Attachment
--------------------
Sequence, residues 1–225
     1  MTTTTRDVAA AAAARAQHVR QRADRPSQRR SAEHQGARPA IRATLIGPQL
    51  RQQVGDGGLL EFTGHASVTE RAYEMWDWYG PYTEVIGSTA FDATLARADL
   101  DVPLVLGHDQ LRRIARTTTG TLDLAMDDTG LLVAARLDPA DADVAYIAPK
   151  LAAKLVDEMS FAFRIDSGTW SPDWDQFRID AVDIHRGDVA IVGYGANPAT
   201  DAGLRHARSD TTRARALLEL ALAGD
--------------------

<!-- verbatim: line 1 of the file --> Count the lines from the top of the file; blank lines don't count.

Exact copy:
Sequence, residues 1–225